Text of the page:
Monday, August 15, 2011

Chapter 7 Bankruptcy, Taxes, and the IRS: The Automatic Stay

As soon as you file your Chapter 7 bankruptcy, you are protected by the bankruptcy “automatic stay.”  This stay is one of the most powerful tools in bankruptcy.  It has the same effect as a federal injunction issued against all of your creditors – including the IRS. They must stop and ask for permission from the court to collect debts.  The automatic stay remains in place until your case is closed and the discharge is issued.  Here is how the automatic stay will protect YOU, and other things that you should be aware of.

Current Levies  
If you are being levied/garnished by the IRS (or state taxing entity), they will release the garnishment immediately upon the filing.  The release will occur by law; there are no negotiations or disclosures necessary for this to happen.  This is the quickest and most effective method of stopping a levy.

New Levies or Liens
The IRS is also forbidden from initiating any new levies, or filing any new tax liens.  So if the IRS has not attached your home (or other property) with a tax lien, they cannot do so once you file your bankruptcy.  This result could have immense implications after the bankruptcy (which will be discussed later) because the IRS rights so this property may survive the bankruptcy if there is a lien.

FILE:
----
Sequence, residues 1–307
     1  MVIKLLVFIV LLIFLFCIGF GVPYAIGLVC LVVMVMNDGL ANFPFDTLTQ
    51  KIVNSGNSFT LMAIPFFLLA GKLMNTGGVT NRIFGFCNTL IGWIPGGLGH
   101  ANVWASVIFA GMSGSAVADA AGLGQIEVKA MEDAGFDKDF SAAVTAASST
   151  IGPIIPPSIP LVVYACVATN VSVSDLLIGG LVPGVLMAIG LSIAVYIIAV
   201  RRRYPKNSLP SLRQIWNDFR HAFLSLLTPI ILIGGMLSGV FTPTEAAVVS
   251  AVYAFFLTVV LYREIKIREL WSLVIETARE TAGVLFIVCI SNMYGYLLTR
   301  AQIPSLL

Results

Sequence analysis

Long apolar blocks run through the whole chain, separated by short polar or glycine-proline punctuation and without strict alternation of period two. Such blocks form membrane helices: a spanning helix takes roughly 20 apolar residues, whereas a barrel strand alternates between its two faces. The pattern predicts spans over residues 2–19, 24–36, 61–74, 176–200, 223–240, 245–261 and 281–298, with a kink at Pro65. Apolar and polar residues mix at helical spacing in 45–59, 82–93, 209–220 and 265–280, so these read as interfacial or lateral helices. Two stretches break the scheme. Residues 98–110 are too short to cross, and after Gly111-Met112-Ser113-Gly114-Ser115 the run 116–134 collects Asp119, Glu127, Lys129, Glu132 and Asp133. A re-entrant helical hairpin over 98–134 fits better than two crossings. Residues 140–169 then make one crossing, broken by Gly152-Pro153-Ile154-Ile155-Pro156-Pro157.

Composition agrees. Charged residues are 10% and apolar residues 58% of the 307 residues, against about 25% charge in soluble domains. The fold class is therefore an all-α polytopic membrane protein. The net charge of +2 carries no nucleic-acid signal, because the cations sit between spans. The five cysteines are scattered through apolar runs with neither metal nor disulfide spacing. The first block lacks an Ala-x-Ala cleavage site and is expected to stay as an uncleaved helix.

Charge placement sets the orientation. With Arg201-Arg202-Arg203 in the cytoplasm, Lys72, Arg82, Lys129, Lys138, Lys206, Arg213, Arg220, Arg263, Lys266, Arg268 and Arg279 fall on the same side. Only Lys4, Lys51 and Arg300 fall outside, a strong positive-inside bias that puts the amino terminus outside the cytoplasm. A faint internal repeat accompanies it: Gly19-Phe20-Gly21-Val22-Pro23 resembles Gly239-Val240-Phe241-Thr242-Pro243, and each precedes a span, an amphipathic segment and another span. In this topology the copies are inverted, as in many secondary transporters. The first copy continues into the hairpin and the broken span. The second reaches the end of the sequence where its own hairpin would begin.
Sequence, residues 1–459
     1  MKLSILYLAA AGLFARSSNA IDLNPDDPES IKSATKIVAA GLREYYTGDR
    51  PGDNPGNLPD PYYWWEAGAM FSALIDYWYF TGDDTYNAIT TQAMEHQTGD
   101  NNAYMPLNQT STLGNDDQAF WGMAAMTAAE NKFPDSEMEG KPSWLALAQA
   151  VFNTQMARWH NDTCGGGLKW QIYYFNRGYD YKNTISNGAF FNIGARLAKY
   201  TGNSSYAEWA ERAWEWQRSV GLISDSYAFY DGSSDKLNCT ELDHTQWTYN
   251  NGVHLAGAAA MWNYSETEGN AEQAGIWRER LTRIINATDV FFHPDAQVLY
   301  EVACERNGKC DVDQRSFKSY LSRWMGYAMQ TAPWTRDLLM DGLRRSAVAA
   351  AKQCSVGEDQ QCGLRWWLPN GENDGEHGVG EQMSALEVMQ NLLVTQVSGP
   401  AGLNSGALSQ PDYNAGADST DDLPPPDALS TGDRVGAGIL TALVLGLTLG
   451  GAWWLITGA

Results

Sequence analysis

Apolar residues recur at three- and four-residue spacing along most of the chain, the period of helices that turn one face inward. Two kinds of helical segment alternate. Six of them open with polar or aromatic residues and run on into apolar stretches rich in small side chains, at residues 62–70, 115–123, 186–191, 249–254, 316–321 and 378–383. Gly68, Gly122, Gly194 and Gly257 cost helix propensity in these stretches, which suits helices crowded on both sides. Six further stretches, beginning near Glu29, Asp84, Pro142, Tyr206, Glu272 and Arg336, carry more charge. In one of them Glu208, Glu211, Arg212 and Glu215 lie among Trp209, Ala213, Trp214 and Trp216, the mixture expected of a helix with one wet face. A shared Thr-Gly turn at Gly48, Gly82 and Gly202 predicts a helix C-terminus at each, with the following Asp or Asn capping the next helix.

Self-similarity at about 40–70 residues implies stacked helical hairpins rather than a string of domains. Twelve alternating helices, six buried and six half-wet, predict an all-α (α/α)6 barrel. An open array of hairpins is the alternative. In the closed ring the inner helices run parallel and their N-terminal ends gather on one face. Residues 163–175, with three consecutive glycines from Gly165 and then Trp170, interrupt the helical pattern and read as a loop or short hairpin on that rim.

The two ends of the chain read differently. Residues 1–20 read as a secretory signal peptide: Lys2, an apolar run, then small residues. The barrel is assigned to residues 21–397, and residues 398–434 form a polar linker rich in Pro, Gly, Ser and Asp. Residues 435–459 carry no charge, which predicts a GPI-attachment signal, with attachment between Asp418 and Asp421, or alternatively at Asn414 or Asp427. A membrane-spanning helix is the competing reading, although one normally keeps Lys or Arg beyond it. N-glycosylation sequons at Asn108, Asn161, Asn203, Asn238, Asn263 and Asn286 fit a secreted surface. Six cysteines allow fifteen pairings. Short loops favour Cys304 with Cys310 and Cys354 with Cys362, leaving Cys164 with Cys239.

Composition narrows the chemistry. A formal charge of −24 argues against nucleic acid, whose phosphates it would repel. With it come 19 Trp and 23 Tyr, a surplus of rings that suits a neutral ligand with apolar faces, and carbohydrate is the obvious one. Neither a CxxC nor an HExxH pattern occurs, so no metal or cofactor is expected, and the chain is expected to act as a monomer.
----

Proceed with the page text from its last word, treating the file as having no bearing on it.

Collection Calls from the IRS
The IRS generally will not contact you after you file your bankruptcy.  They will code your case to be in “litigation status” and the IRS collectors will wait until that status is removed before they contact you again.

What the IRS Can Do
Be aware that the automatic stay will not help you if the IRS wants to audit or continue an audit of you, nor will it prevent the IRS from demanding that you file a tax return.  But whenever possible, you should plan your bankruptcy so that it will discharge as much tax debt as possible.  This planning would entail that there be no audits in progress and no unfiled tax returns.    

 Do you have questions about this topic? Email or call me for a free consultation and we can discuss your situation. (760) 990-1632.

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